This is what I got to experience in one year of middle-school baseball, before fleeing the country to get the fuck out of that system. My schedule went like this, no lie:

Then we moved to Canada. I’d go to school from 9 a.m. until 2 p.m., practice from 5-7 p.m. with the nicest Canadians (who were always smiling and having fun) on a nice grass field (it was all dirt fields in Korea), and went home.

Canada 1, South Korea 0.

Eric Sim played six seasons in the minors and touched Triple-A ball in 2012 (owns a career average of .500, oops). He’s the first Korean-Canadian ever drafted, and he doesn’t care if you’re not impressed by that, because he doesn’t really care about anything. He operates a hilarious and thought-provoking Twitter feed @ESim3400, so follow, if you want. When not dropping wisdom about his glorious days in the minor leagues, Sim currently manages a bar in small-town Canada, and makes a lot more money than he made playing baseball.



South Korean Little Leaugers Shot Fleeing To North Korea By Coach

Thank you, Eric.

You paint a vivid, unpleasant picture here and I’m sorry you had to go through all of that. I compare it to my own Little League and very brief Jr. High (middle school) experience and shudder. I was "the fat kid", too, but all I really took was verbal abuse from coaches, which I got tired of in the 7th grade and finally quit.

I appreciate your willingness to share this stuff with us and hope you’ll continue to do so if so inclined. I don’t twitter, but if I did, you’d have another new follower. I hope you’re finding more pleasure and happiness in your new career and life. Sounds like you’ve earned it.

Thanks for the insight, Eric

The rise of Korean female golfers has been astounding. I wonder if their schedules are similar?

Very likely

The country acts very much like the military service – it chooses directions and the citizens follow. Somebody of authority decided that they should be good in women’s golf – poof, they outwork everyone else and you see the results.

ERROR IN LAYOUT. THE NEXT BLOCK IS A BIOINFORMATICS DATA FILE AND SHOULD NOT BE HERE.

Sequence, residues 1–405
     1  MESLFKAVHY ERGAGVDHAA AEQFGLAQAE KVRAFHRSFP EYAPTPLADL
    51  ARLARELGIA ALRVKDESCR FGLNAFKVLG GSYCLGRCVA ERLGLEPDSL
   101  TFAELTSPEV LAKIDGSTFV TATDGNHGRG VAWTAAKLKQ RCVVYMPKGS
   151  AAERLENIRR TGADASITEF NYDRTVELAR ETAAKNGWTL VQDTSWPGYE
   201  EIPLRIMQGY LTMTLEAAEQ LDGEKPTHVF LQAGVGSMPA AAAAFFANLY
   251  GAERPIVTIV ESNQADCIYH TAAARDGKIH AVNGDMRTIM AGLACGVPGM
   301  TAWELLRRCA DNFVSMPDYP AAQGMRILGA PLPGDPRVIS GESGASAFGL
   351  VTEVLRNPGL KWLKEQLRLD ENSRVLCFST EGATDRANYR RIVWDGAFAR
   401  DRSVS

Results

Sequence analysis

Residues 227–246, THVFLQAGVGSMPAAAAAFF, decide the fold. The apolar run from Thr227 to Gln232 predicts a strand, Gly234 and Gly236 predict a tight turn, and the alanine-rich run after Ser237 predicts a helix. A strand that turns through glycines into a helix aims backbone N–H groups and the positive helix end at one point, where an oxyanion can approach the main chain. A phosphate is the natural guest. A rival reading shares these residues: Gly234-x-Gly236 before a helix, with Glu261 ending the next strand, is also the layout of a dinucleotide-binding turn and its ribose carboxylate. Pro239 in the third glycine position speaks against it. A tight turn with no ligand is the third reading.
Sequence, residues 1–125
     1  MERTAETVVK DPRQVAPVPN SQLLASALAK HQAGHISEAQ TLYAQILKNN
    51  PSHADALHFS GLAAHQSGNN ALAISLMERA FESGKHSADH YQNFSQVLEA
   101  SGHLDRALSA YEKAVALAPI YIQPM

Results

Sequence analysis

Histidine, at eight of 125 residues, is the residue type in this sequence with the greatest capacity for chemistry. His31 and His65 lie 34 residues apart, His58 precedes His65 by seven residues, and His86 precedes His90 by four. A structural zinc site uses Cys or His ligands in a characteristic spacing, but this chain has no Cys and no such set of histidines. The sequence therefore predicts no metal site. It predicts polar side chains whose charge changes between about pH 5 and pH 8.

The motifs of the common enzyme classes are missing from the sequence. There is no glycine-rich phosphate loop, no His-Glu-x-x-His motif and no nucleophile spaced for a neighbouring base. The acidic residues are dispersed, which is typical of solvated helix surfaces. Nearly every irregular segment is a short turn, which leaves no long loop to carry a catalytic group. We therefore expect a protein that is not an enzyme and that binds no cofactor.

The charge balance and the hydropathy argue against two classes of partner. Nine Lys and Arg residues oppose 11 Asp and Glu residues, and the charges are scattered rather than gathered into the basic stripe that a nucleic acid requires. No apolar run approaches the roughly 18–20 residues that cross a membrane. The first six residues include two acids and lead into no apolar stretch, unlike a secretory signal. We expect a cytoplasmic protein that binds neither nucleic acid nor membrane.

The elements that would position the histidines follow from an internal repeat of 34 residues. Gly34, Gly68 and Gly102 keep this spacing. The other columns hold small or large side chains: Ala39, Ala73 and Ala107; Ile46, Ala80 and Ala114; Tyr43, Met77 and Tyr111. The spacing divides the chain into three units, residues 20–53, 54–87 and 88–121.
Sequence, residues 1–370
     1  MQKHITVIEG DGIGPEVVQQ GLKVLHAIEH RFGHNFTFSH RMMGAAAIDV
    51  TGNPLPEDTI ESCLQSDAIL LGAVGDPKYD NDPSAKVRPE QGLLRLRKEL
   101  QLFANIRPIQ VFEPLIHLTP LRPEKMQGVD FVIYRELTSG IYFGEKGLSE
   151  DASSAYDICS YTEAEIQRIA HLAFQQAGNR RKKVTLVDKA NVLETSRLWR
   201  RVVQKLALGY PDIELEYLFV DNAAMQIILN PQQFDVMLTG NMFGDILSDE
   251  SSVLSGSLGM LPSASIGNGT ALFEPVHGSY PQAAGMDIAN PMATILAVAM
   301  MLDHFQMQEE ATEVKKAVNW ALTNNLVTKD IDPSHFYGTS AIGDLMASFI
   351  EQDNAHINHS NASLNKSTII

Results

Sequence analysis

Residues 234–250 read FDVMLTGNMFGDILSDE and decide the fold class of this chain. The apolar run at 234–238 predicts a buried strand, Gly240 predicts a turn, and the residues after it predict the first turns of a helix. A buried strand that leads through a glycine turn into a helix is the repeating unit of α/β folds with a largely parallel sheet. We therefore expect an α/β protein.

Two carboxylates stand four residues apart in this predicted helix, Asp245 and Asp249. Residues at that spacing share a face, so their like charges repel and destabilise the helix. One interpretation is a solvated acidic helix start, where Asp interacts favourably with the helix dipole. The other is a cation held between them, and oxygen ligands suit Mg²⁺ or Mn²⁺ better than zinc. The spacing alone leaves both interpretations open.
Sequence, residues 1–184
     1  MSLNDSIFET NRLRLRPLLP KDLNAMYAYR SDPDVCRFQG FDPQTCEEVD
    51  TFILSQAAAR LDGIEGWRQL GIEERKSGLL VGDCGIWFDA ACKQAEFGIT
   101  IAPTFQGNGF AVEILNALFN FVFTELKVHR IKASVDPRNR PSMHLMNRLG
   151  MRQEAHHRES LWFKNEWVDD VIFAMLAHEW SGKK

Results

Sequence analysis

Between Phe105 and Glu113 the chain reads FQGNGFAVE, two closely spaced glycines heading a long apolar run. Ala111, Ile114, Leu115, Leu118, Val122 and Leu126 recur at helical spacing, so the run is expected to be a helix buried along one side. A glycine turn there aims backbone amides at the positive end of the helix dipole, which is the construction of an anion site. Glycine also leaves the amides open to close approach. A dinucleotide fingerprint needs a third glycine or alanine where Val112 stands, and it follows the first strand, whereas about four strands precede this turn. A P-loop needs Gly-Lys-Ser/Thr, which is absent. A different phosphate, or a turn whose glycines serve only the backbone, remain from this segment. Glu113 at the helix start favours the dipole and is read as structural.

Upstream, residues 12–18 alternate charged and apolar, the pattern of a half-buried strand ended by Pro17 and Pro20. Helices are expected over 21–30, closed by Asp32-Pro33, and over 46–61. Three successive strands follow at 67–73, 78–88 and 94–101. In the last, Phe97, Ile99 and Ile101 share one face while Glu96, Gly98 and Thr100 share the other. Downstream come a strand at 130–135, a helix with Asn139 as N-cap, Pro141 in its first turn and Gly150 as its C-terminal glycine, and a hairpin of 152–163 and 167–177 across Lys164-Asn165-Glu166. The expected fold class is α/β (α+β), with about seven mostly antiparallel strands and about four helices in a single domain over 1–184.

I am firsthand witness to to their bowling program. They identify their team 6-9 months out for important events, move them to the Korean Olympic Training facilities and spend 12 hours/day 6 days/week in classroom, the gym and bowling facility. The result, they are always among the best in World Championships. For several years they did not appear to be the happiest of athletes but that has changed for the better recently.
It’s not all bad. If an athlete earns a gold medal in any World Championships in their sport, or in the Asian Games (held every 4 years, their most important competition for any sport), they receive a pension of around $1000/month for life – 2 gold/$2000 is the max. They also are exempted from military service – otherwise mandatory – remember their Northern neighbor is not Canada.
During the 2014 Asian Games in Incheon the Seoul newspaper ran a story detailing that if athletes X, Y and Z did not win a gold medal the following day (one was a bowler), they would go into the military the next day. The bowler won, I don’t know about the others. They understand pressure.

Illuminating background, thank you.

I appreciated the contrast between Canadian and South Korean approaches

Winning while enjoying the journey seems to be the difference. I’m holding on to that thought while watching the WS this year and I see many of the posters here doing the same.

Watching Palka’s Home run shot last night was pure joy, as was the game ending double play, even if they hadn’t been game winners. Somethings in baseball are just poetic.

If I were Sox management

I’d beg Thome to mentor Palka non-stop off season.

Was thinking something similar watching last night’s game.

This is a good article

I read the full description of the 9 year old S. Korean day to my (current, USA based) 9 year old. Maybe he’ll whine less now knowing he’s got it made!

Shit, I cried because I hated being in Girl Scouts

What a piece of crap I was. Welcome to our little den of Sox suffering Eric. Glad to have ya!